• According to these Brethren, how can the temple endowment assist a missionary in preaching the restored gospel?

  • Share with students the observation that sometimes Church members emphasize the importance of receiving a mission call over receiving our temple ordinances. Why do you think that receiving a mission call might receive greater emphasis than temple blessings?

Share the encouragement of President Howard W. Hunter, fourteenth President of the Church, from the student manual (p. 15).

  • According to Doctrine and Covenants 95:8; 105:11–12, what has the Lord designed to give the Saints in His holy temples?

  • According to the statements in the student manual by Elders David B. Haight and Jack H. Goaslind Jr. (p. 16), what are some ways one is endowed with “power from on high” from the temple? (You may wish to list student suggestions on the board and discuss them as appropriate. Caution students not to use temple language or be too specific during this brief discussion.)

  • Why are these endowments or gifts important to a missionary?

Most missionaries have the opportunity to receive their temple endowment before their mission. Elder Richard G. Scott taught:

“Personal worthiness is an essential requirement to enjoy the blessings of the temple” (in Conference Report, Apr. 1999, 31; or Ensign, May 1999, 25).

Invite students to talk about the color of clothing that is worn in the temples and why the color white is significant. Some of your students may not have been to the temple yet. For these students you may wish to read to them the following explanation and insight regarding temple clothing and discuss the questions that follow:

“When we do ordinance work in the temple we wear white clothing. This clothing is symbolic of purity and worthiness and cleanliness.

“Upon entering the temple you exchange your street clothing for the white clothing of the temple. … As you put your clothing in the locker you leave your cares and concerns and distractions there with them. You step out of this private little dressing area dressed in white and you feel a oneness and a sense of equality, for all around you are similarly dressed” (Preparing to Enter the Holy Temple [2002], 16–18).

  • How do you think removing your street clothes and replacing them with white temple clothing helps you prepare for the sacred experiences of the temple?

  • Why would preparing yourself to be worthy to worship in the temple also help you prepare to serve the Lord on a mission?

  • How might remembering that you have been to the temple and made sacred covenants bless your life as a missionary?

Invite students to read the statement from the student manual by Elder Richard G. Scott (p. 16) and think about why one must be totally honest during both the temple recommend interviews as well as the discussions with priesthood leaders regarding worthiness to serve a mission.

  • What do you think it means that the temple recommend interview is “an important step to confirm that you have the maturity and spirituality” to receive ordinances and keep covenants in the Lord’s house?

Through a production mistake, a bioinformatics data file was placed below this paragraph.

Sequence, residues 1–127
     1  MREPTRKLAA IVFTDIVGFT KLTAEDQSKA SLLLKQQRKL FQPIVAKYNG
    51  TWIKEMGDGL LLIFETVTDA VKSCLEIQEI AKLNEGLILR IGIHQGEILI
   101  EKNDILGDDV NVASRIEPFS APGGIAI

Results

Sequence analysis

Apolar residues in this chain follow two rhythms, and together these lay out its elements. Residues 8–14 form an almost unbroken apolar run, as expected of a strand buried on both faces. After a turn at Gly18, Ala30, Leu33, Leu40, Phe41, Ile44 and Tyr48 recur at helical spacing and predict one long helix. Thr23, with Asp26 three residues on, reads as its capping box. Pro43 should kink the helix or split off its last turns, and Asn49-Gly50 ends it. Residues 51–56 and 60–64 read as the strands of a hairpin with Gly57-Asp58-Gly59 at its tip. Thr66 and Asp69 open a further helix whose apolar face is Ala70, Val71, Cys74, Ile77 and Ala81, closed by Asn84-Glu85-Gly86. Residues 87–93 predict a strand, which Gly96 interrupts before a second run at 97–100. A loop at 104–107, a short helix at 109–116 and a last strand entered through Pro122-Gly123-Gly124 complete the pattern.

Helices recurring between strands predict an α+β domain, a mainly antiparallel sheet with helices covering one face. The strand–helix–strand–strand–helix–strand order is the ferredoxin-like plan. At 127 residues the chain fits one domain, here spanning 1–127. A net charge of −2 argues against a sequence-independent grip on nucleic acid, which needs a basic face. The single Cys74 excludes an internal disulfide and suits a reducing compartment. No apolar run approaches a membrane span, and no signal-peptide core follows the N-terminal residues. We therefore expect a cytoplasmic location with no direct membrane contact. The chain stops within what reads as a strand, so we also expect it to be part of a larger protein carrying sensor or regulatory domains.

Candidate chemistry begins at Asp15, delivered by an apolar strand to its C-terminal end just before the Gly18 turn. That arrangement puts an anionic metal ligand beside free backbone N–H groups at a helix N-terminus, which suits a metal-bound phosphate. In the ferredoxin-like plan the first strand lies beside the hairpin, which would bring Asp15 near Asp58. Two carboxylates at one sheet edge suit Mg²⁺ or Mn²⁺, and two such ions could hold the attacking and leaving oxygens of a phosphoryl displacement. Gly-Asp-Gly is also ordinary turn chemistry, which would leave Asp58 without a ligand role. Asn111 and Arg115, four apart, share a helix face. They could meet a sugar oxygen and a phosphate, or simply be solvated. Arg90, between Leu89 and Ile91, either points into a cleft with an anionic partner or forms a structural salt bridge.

• Why do you think personal worthiness is an essential requirement to enjoy the blessings of the temple as well as a full-time mission?

Repentance is a cleansing process that allows us to become worthy.

Explain that repentance is a positive aspect of the restored gospel of Jesus Christ and that if the students are not currently worthy, they can become so through repentance. Alma told his son “what joy, and what marvelous light” he experienced after the cleansing process of repentance (Alma 36:20).

Have students pair up and prepare a short lesson on repentance that could be taught to an investigator. Specifically focus on how the principle of faith in Christ leads one to repent of his or her sins. It may be helpful to refer to the statement from Elder Holland in the student manual (see p. 16), the following scriptures, and any other verses they find useful: Helaman 14:13; 15:7–8; 3 Nephi 12:19–20; Doctrine and Covenants 53:3. After they prepare this brief lesson, have one pair teach another pair of students. Then reverse roles. After a few minutes, allow all four students to make observations with each other about the experience. What did they do that went well and what could they have done better?

Everyone, not just those who have committed major transgressions, needs to repent as they prepare for missionary service. Have a student read aloud Doctrine and Covenants 133:16 and ask the class to explain its significance to them as future missionaries.

Share the following hypothetical case study:

Craig’s life had changed. For years he had been raised in the Church and had followed its teachings. In his midteens, however, he found himself slipping in obedience to the commandments. His actions made attending church uncomfortable. On one occasion he heard a stake leader speak of the joys of repentance and of serving a mission free from the weight of sin. His heart was touched, and he knew he had to clean up his life. He made an appointment to see his bishop.